Vikram Vedha is occasionally a director’s film. It is frequently one actor’s film. But above all it’s a screenwriter’s film. Pushkar-Gayathri adapt their own 2017 Tamil film of the same name; Benazir Ali Fida and Manoj Muntashir contribute Hindi dialogue. It’s the sort of script where one could say: shoot what’s on the page and you’re home. It’s an action film with the plotting of a whodunnit, as twisty and interlocking as The Usual Suspects was in its day.
From the start, you can sense the presence of a writer pulling the strings. A special unit of the Lucknow police is about to embark on a raid. Their leader, Vikram (Saif Ali Khan), greets them one by one on his way to kicking in the door and starting a gunfight with a group of gangsters. We learn a little about each through the skirmish and after—two brothers have just paid off their father’s long-standing loan, another has a fondness for sex workers. This kind of detailing is good writing period, but even more so when, deep into the film, the idle talk assumes a significance. Then we realize how little is wasted, how every joke, every gesture is bait to catch a larger fish.
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Vikram and his team are ‘encounter’ cops, summarily executing gangsters in their efforts to catch the notorious Vedha (Hrithik Roshan), wanted for 16 murders, including a prominent MLA. In a witty sequence (a possible nod to Se7en), Vedha comes to them, surrendering himself at the station even as preparations to nab him are in full swing. He won’t speak to the others in the interrogation room, but when he’s finally across the table from Vikram, Vedha asks if he would like to hear a story.
This is, of course, a modern version of the Vikram-Betaal fairytales, stories told by a ghost to a king, all of which end in a moral dilemma. Vedha’s first story is about how he killed a higher-up when he was just a runner in a gang. The question he poses Vikram is: did he kill the man who ordered an attack on his younger brother, or the one who actually did the maiming? Vikram guesses correctly—he punished the one with the power, not the one carrying out commands. Vedha is then sprung from jail—one of his lawyers is Vikram’s wife, Priya (Radhika Apte). But the pattern has been established. Soon there’ll be another meeting, and another story.
It's been three years since Hrithik Roshan walked across a tarmac, transformed into a golden god by the ardor in Tiger Shroff’s eyes. His Vedha is a darker creature, unkempt, bushy beard, with a teasing tone and a casual brutality. Roshan is magnetic; it’s difficult to take your eyes off him, even if you’ve seen the excellent Vijay Sethupathi in the Tamil version. He's entirely at ease, now mocking Vikram, now pushing him to see things more clearly (Khan is adequate without being imposing). War had felt like a corner turned for Roshan, and his total command of the screen in Vikram Vedha bears this out.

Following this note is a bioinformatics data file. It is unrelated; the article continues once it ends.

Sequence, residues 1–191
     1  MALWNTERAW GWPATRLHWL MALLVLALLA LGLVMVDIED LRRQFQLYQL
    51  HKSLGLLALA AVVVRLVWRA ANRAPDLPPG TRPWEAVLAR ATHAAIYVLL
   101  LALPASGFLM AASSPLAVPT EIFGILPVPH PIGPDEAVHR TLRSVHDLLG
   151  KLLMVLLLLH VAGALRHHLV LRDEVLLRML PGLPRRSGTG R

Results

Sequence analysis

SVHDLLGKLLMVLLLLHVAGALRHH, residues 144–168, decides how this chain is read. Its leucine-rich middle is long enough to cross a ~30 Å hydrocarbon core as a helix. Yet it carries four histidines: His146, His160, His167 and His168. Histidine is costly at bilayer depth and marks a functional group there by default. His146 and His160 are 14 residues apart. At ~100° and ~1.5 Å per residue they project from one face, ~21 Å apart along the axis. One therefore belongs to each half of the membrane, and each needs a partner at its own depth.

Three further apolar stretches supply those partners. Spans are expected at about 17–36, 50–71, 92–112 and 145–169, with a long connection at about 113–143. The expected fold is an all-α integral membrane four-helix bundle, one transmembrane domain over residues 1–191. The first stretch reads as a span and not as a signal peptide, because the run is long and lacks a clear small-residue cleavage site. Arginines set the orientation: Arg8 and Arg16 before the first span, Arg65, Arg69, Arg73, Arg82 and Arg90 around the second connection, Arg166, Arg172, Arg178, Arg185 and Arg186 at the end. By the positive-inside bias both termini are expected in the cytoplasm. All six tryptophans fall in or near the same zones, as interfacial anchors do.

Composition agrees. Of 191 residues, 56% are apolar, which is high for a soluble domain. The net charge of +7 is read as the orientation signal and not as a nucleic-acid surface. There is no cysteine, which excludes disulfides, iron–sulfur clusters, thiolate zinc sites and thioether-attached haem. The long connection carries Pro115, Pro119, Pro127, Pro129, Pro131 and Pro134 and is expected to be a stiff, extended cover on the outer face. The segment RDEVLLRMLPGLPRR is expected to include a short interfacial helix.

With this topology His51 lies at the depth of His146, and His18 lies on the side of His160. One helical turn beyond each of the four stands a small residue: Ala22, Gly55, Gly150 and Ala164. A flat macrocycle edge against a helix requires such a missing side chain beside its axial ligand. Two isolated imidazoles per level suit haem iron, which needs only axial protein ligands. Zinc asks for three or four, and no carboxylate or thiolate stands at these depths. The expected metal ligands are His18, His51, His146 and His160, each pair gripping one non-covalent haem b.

One sequence, in the flashback of the first story, is especially beautiful. In a field with tall grass, Vedha and his men find the kidnappers they’ve been looking for. ‘Kisi Ki Muskurahaton Pe Ho Nisar’ plays on the radio, and the action matches its lackadaisical rhythms. Bodies fly in unhurried slow motion. It’s funny and somewhat abstract, a fight like a dream.
The other action scenes aren’t quite as good, but Pushkar-Gayathri and cinematographer P.S. Vinod have a useful rule of thumb—if you don’t have anything special to offer with your choreography or fight skills, keep the setting pretty. And so we get a sequence with Vedha and Vikram facing off in the pouring rain, boxed in by giant red containers, the (overenthusiastic) score veering towards spaghetti western. And a later shootout in an under-construction building, with the framing taking in the surroundings as much as the action. Or the climactic scene where the wild fancies of the plot are grounded by the drab practicality of a factory floor.
Does every bit of cleverness hold up? Maybe not. Priya being Vedha’s lawyer feels like an attempt to tie every possible thread together. Why don’t Vikram’s superiors intervene, even when he lets Vedha go free? Why does Abbas (Satyadeep Mishra), Vikram’s friend and fellow cop, have a change of heart? The central mystery—why Vedha gives himself up in the first place—holds less interest than seeing these two men, so good at their jobs that they’ve gotten rather bored of them, try and trip each other up.
Vikram Vedha chips away at the halo usually handed to the police in Hindi films. Vikram starts off believing he’s essentially doing the right thing as an encounter cop (“We are the good guys,” he tells his subordinate). But with every Vedha story, this conviction is rattled. It ends with cop and criminal staring each other down, mirror images, separated only by circumstance. Vikram says early on, “There’s only right or wrong, nothing in between.” By the end, it’s clear everything is in between, and right or wrong are just stories we tell to make ourselves feel better.
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